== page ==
And there have been many threads on this before, but there is so much junk food available for the young kids all the time at church, school, scouts, etc. It just makes me really sad. The deck is stacked against them from the get go. I hope this doesn't offend ....it's just my opinion, but I do feel it's a part of why our diet is so messed up here.

This really makes me sad. People should be able to eat at their church, for crying out loud.

I wonder if there are some people you can talk to about this problem, who might become allies. Official or unofficial leadership, maybe?  A few women who might speak up?  I am pretty sure that if I was at a table with someone making those comments to someone else, I would find something to say to indicate that the comment was out of line. Maybe something like "Ruby, that family looks pretty healthy to  me, I don't think you need to worry about their eating."  And then comment on how great the salad looks and how my salads are always lacking (because it's true) and I need to step up my game.  And, I can think of a few women in our church who I could "recruit" to deflect hurtful comments like that.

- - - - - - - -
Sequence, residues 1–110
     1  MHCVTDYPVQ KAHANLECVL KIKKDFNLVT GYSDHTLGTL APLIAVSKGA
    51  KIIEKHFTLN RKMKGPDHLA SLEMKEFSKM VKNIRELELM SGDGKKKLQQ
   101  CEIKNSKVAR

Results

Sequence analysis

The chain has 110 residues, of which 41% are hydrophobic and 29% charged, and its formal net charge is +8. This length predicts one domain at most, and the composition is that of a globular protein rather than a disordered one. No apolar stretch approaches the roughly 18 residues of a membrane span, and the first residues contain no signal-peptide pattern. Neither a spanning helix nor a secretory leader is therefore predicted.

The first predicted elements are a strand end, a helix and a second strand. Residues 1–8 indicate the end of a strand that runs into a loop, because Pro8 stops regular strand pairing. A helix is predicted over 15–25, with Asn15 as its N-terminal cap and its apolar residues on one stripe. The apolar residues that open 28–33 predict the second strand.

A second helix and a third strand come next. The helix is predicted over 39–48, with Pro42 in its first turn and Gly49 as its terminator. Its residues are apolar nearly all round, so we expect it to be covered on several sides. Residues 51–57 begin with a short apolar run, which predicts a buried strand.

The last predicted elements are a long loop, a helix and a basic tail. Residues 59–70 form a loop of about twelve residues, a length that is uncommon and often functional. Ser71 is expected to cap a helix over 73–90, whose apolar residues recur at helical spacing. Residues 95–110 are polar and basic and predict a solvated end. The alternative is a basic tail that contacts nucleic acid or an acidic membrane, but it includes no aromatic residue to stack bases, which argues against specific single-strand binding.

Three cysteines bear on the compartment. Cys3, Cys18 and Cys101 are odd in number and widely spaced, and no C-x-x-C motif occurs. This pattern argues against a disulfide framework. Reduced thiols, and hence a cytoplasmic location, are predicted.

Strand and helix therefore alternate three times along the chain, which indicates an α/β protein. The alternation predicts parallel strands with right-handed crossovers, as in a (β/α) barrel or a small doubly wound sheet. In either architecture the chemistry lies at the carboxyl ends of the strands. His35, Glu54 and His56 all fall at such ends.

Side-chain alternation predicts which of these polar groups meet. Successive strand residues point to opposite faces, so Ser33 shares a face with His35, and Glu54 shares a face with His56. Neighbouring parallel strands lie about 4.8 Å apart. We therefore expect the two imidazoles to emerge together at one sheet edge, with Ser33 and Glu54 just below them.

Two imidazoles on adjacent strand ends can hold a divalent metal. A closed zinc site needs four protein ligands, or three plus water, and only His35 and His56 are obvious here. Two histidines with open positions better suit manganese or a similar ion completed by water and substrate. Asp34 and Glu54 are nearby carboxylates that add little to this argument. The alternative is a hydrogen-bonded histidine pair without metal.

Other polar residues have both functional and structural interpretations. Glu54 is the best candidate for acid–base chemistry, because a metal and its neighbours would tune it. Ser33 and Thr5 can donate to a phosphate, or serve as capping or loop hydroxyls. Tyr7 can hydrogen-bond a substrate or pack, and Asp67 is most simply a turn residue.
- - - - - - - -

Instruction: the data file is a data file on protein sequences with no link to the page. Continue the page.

And, what does your husband say?  Does he laugh and say "I am well-fed, you don't need to worry about me" or does he keep quiet?  If he's keeping quiet, I would ask him to speak up, even if they are not asking him the question - if he can hear it, he can respond to it. 

When my daughter first became a vegetarian she fielded a few comments from "concerned" older ladies who saw her meager plate at church lunches.  Of course her being a minor it was easy for me to say "I can assure you she is getting her nutrition" (even if something I wasn't so sure of that myself). There was one older lady who always had a nice comment to make to deflect criticism.  It stopped quickly and my girl was able to relax at lunches and eat what she wanted.

I do believe that most people (in general, not at your church) are not trying to be hurtful and it is impossible to cut ties with everyone who says something stupid, unkind, or awkward. They are not all toxic people. Thoughtless, ignorant, sure.